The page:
Wind industry still making local impact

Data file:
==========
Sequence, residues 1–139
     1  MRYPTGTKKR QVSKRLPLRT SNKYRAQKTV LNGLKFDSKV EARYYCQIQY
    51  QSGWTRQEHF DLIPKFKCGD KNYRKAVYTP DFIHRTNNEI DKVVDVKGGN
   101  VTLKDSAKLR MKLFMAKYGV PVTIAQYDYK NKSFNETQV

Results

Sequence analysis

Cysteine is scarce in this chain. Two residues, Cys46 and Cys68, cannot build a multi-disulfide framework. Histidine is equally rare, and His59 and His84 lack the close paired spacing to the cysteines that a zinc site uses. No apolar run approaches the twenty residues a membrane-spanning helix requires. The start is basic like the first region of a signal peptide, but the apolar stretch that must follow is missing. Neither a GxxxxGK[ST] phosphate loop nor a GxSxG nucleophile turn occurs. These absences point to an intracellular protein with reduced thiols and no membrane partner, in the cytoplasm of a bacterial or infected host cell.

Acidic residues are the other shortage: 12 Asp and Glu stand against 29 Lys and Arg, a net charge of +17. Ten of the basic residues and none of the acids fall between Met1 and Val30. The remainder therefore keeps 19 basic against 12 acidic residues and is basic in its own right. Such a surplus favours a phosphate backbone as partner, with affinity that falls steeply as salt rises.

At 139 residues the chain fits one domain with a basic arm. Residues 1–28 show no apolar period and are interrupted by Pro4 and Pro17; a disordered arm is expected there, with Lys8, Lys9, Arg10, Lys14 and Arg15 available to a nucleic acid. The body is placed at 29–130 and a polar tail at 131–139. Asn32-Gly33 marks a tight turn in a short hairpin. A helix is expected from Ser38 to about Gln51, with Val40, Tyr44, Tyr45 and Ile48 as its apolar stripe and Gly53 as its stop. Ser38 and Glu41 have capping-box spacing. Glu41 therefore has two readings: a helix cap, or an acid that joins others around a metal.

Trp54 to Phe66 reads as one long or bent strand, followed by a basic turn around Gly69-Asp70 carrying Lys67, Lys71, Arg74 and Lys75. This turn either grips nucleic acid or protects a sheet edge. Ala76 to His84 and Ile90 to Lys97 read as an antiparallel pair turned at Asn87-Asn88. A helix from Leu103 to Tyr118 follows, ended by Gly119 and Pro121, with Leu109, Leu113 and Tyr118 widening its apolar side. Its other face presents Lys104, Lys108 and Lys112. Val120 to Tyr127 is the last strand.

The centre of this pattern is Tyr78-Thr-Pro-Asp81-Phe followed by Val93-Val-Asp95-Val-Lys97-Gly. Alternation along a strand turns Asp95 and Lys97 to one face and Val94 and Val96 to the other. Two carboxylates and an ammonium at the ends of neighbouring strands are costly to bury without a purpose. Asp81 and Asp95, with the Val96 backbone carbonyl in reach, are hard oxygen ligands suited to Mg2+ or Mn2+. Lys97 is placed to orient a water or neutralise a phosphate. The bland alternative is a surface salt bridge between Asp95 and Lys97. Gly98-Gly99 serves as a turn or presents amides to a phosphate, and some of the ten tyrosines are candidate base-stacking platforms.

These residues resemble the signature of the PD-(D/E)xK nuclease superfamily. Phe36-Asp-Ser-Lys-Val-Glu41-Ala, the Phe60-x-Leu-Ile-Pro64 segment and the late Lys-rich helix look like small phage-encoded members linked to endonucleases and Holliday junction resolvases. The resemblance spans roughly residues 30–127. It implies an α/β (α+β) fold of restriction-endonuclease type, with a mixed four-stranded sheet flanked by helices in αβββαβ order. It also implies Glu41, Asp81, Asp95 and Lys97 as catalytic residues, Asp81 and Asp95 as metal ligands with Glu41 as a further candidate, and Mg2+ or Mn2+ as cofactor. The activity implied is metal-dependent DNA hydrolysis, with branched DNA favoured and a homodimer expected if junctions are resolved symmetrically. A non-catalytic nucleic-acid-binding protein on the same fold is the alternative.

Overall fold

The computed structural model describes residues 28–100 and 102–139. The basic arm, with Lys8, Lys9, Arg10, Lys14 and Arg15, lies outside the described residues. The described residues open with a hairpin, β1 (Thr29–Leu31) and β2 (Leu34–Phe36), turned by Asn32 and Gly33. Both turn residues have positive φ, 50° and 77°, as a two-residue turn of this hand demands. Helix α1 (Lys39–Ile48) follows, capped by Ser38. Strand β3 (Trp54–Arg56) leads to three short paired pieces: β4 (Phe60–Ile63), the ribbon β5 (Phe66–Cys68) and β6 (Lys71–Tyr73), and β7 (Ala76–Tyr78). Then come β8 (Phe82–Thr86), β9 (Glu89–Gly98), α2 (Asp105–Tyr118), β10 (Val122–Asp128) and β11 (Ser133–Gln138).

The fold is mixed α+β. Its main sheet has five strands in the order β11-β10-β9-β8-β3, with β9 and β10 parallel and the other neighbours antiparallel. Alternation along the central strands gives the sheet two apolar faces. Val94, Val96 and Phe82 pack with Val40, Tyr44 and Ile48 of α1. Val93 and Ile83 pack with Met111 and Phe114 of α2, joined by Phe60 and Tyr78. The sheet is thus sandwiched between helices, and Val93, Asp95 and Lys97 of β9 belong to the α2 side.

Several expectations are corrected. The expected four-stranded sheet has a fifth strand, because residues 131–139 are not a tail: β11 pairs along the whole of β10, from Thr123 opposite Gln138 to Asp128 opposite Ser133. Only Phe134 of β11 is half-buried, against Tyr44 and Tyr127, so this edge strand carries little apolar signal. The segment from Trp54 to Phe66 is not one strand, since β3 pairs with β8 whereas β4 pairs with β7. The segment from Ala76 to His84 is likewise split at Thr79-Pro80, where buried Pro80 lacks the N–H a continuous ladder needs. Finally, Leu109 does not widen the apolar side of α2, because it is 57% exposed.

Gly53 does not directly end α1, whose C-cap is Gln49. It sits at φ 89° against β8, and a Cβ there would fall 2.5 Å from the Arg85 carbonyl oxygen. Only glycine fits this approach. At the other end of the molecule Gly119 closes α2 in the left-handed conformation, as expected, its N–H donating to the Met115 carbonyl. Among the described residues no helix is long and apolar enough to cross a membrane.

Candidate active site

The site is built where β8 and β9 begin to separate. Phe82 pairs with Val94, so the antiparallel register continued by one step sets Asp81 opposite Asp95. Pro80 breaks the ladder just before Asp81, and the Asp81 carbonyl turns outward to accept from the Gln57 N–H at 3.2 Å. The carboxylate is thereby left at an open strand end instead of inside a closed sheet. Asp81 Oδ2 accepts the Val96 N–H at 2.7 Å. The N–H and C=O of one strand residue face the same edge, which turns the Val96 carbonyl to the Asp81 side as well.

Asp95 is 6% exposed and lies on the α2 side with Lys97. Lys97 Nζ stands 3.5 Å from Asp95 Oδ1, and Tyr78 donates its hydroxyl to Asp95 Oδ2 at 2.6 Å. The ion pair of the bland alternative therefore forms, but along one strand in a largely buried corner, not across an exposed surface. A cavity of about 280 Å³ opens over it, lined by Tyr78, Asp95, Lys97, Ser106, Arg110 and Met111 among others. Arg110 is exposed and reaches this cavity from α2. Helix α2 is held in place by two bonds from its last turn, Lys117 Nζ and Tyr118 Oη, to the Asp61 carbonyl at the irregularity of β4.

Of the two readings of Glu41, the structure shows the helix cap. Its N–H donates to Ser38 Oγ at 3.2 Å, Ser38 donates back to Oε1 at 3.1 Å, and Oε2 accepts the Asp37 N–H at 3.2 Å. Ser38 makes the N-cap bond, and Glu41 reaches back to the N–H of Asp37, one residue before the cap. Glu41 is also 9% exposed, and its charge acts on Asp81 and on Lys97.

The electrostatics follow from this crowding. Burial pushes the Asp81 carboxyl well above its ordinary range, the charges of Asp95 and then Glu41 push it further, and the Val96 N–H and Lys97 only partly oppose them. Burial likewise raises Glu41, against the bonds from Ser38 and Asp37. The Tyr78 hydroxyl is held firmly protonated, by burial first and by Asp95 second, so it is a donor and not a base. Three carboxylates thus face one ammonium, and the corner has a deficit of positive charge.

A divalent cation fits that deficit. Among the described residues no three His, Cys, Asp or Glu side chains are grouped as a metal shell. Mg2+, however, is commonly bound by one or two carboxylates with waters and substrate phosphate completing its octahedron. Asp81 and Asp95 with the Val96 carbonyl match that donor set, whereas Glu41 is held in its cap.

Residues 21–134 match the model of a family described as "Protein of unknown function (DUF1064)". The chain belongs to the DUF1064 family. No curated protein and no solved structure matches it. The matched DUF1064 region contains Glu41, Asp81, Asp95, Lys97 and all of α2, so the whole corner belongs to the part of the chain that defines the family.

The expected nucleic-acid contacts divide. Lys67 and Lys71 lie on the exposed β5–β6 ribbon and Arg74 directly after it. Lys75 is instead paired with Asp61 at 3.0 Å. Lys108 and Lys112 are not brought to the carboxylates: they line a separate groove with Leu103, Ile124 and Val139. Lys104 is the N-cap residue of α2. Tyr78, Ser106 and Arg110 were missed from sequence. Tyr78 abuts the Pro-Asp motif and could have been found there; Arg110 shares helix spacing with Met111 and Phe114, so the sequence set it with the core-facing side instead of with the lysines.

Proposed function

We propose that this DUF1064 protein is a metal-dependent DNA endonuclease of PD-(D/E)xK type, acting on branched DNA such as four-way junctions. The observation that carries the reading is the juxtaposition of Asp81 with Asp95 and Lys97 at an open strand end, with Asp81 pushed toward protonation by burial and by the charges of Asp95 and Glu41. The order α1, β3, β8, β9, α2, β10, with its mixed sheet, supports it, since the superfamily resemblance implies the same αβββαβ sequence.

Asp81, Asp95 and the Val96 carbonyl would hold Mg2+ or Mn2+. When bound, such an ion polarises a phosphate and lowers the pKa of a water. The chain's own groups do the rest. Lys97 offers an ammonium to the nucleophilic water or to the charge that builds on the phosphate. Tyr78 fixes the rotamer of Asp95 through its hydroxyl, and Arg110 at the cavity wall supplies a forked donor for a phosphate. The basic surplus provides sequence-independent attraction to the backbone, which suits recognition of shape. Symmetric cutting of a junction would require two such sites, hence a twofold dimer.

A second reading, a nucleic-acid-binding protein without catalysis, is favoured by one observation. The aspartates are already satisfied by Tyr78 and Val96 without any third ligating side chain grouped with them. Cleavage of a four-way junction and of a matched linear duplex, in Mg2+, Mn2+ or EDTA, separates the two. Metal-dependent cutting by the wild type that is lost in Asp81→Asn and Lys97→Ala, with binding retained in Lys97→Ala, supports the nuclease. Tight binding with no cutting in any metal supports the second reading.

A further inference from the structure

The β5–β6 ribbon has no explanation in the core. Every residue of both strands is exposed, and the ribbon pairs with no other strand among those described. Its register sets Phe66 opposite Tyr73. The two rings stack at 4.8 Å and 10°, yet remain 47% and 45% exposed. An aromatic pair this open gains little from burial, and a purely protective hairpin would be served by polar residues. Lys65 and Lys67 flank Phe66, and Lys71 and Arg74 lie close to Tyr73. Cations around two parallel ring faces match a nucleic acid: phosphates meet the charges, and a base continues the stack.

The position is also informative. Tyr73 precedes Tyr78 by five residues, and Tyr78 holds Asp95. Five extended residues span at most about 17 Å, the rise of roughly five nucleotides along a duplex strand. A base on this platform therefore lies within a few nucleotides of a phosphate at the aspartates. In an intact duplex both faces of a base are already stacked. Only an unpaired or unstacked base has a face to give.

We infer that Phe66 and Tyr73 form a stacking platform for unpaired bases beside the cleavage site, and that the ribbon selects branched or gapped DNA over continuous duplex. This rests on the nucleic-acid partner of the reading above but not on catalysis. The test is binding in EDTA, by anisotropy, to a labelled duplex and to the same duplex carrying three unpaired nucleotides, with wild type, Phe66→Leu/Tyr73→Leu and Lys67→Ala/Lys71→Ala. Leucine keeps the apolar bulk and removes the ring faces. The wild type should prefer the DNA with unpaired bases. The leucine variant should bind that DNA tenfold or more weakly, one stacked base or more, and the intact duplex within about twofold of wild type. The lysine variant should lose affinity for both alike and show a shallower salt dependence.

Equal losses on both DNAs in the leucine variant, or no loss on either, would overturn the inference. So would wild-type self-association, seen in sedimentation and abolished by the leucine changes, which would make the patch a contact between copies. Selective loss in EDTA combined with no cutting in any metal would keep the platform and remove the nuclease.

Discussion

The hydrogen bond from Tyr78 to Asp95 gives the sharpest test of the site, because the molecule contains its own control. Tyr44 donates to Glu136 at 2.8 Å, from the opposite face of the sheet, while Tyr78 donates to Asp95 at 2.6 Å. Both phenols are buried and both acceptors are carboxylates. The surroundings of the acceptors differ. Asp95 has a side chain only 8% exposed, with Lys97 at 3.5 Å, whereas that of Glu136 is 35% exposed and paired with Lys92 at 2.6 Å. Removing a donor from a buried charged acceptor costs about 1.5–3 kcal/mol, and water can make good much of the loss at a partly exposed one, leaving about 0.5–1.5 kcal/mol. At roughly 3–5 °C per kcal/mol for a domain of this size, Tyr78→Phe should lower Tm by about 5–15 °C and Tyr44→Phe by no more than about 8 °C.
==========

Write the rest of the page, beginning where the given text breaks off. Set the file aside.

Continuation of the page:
Although growth in the area’s wind industry slowed down a couple of years ago, Greg Wortham, Sweetwater mayor and director of the Texas Wind Energy Clearinghouse, said there are still things happening here with wind.Third Planet Wind is in the middle of a $100 million project in Loraine. Wortham pointed out it’s one of the few wind farm construction projects going on in the state right now. This current phase is the third for the Mitchell wind farm.Wortham said what’s different about Third Planet is that they get all the components for the turbine ready beforehand, and it’s shipped to the site and plugged into the turbine. “They are very efficient,” he said.The third phase includes 33 turbines, which can generate 50 MW of power. They currently have 67 turbines on the wind farm, according to the Colorado Record.Cliff Clement, land vice president for Third Planet Wind, told the Colorado Record that the company had originally planned to construct a total of 167 turbines with a capacity of 250 MW of power. However, due to a fall in energy prices, they have stopped at 100 for now. But Clement pointed out that they went ahead and built pads for 167 turbines along with all the necessary infrastructure so they can add the other turbines when the time is right.The Colorado Record reports that construction on the Loraine wind farm began in 2008, and the first turbines went online in 2009. The third phase is expected to be complete in February.As for the rest of the area, results of large projects constructed over the past several years are still being felt. If you drive down Highway 84 north of Roscoe, you can see a new school being constructed for Hermleigh ISD. A $12.5 million bond was passed in May of 2009 and property values have increased from $35 million to $500 million, according to Superintendent Gary Rotan, due to wind farms in the district.This additional revenue has allowed the school district to construct a new school for its approximately 230 students in pre-kindergarten through 12th grades. The new facility is needed since the most recent renovations to the school was in the 1950s, and part of the current school facilities were built in 1936.While Highland ISD is in the middle of large renovation, Roscoe ISD is expected to move into a new two-story addition in January. Blackwell just finished up their new football stadium this year to go along with their new school.Wortham pointed out that the wind business has just picked up over the last month in the area with increased hiring by wind service companies.Construction of additional transmission lines is also happening slowly but consistently. There is a new substation east of Sweetwater at Adrienne Rd., and a substation in Scurry County off of Highway 84 has been expanded to handle more power, Wortham pointed out.Wortham said there is opposition in areas all over the state as to where the lines are being built, especially in the Hill Country. However, he noted that once those issues are worked out and the route of the lines are decided on after having hearings for every community, other projects in the works will be able to move forward with more lines available to them.“The Public Utility Commission (PUC) is meeting constantly to approve segments of lines,” Wortham pointed out.Wortham added that the area’s wind industry is part of the bigger conversation when it comes to energy as a whole. The Texas Wind Energy Clearinghouse will host the Southwest Energy Summit in March in Odessa. Sponsors of this event will include Ludlum Measurements from the realm of nuclear energy and Tenaska from the realm of coal-powered energy production.Although the pace of growth for the wind industry has slowed, it hasn’t stopped, Wortham noted. And the positive effects brought into area rural communities will be felt for a long time.